Kotlin really simplifies things such as defining constructors and writing immutable objects for your application. For example, flexible Kotlin constructor definitions eliminate the need of builder classes (you simply don’t need them in 99% of all the possible use cases, if you use Kotlin), thus reducing overhead of having immutable objects in your application, while retaining full flexibility and expressiveness.

However, if you want to define non-trivial constructor (especially for data classes) it might not be as trivial as just writing a function.

For example, when I started playing with Kotlin, I decided to start with something as simple as defining a class that would represent a rational number.

My first brute force (or naive, if you like) attempt to define that class was as follows:

data class Ratio (val numerator : Int, val denominator : Int)

The problems with this class are obvious: you can create ratios like Ratio(1, 2) and Ratio(2, 4) and they won’t be equal to each other. And I wanted exact opposite – whenever the user of this class constructs a ratio it divides a numerator and denominator to their greatest common divisor – to have coprime numerator and denominator in the corresponding fields of the newly constructed instance of Ratio class. Also I wanted to retain nice-to-have features of the data class – I didn’t want to define copy, hashCode and equals myself.

So, at this point you’re welcome to play before reading my solution.

OK, now if you came up with your approach or just would like to see the possible solution – here is the link to the full class definition for those who interested.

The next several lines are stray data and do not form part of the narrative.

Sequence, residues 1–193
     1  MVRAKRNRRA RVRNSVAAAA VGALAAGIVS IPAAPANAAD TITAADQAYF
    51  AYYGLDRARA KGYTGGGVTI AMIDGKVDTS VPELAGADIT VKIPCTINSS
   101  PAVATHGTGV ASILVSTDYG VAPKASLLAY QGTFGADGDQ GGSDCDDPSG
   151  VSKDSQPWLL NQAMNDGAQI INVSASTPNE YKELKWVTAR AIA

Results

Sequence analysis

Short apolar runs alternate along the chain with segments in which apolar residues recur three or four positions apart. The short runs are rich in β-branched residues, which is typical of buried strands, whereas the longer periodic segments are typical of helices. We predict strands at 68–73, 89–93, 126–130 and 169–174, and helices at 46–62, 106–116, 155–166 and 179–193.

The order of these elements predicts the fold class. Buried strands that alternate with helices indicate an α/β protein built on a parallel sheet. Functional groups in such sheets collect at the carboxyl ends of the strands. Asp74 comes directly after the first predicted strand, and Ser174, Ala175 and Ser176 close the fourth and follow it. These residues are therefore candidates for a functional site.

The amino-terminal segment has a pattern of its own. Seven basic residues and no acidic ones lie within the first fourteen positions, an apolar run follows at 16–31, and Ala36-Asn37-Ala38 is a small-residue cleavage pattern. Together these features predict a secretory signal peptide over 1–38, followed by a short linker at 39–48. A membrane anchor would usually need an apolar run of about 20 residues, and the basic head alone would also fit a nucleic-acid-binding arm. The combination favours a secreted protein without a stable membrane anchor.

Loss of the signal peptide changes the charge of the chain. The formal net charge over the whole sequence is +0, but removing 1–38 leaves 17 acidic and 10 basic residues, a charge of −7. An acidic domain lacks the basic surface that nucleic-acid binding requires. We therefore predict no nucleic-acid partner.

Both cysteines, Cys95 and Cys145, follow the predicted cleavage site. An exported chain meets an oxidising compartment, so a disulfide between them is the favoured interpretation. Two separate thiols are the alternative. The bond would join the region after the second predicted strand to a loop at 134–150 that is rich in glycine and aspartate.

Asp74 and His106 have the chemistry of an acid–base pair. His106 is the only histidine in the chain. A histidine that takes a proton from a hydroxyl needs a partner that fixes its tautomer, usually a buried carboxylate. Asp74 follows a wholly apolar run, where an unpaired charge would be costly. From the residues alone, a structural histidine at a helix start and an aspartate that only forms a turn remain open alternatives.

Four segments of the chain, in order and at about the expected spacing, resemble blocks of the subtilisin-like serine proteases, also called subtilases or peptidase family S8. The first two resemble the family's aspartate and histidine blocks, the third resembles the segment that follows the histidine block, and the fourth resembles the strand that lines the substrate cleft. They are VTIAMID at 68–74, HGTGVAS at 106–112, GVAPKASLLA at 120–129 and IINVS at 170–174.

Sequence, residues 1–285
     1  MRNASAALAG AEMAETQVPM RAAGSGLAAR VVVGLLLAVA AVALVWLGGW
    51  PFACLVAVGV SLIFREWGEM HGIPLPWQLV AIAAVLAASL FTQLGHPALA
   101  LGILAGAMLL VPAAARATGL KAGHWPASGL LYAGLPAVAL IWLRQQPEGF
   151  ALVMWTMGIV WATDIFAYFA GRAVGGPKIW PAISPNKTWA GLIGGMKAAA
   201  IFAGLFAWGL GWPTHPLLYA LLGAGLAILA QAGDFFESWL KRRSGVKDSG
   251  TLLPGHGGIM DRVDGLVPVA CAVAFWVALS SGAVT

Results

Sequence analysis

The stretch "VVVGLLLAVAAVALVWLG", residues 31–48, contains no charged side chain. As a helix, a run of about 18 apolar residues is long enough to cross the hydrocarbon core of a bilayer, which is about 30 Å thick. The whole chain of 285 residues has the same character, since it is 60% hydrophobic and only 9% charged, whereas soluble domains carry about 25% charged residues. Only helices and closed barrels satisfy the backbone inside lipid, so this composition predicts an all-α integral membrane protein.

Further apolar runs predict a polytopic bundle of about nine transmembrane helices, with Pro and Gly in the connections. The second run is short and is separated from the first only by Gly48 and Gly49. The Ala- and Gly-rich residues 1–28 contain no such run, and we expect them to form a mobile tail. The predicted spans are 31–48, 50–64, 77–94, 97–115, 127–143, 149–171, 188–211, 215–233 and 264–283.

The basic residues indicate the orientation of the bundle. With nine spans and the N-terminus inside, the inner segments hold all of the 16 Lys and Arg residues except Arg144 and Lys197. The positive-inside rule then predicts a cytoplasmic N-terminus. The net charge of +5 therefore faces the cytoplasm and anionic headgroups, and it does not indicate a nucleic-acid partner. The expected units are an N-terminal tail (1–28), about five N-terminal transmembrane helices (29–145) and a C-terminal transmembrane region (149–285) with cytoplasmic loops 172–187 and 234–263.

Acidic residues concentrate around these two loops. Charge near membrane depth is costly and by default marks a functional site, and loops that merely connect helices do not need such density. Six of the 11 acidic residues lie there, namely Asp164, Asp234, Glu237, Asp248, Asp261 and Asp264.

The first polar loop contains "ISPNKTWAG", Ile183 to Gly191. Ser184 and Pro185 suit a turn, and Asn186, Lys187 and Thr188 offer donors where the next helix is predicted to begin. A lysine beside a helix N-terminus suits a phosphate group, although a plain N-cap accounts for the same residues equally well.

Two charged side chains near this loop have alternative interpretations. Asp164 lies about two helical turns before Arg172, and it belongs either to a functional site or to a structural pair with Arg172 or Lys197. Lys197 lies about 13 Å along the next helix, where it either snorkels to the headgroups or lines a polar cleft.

In short: you can define custom class constructor (and yet retain call semantics) is to define `invoke`

function in ‘class object’ section of your class that has special semantics: you can define static functions as well as factory function `invoke`

. It may look as follows (simplified):

class Ratio private (val numerator : Int, val denominator : Int) { class object { val ZERO = Ratio(0, 1) // static member! val ONE = Ratio(1, 1) // static member! fun invoke(numerator : Int = 1, denominator : Int = 1) : Ratio { if (denominator == 0) throw IllegalArgumentException("denominator can't be zero") if (numerator == 0) return ZERO if (numerator == denominator) return ONE val d = gcd(numerator, denominator) return Ratio(numerator / d, denominator / d) } // <-- end of static function invoke fun gcd(a : Int, b : Int) : Int { /*omitted*/ } // static function! } }

The beauty of Kotlin here is that you'll still be able to use 'constructor' semantics whenever you need to create an instance of `Ratio`

, i.e. you can write as follows as if you had ordinary constructor:

val r1 = Ratio(3, 7) // invoke will be called here val r2 = Ratio(numerator = 1, denominator = 4) // invoke will be called here

This is it, I hope you find it useful.

We ll provide more details in a separate blog post this week. Kotlin allows only one constructor per class.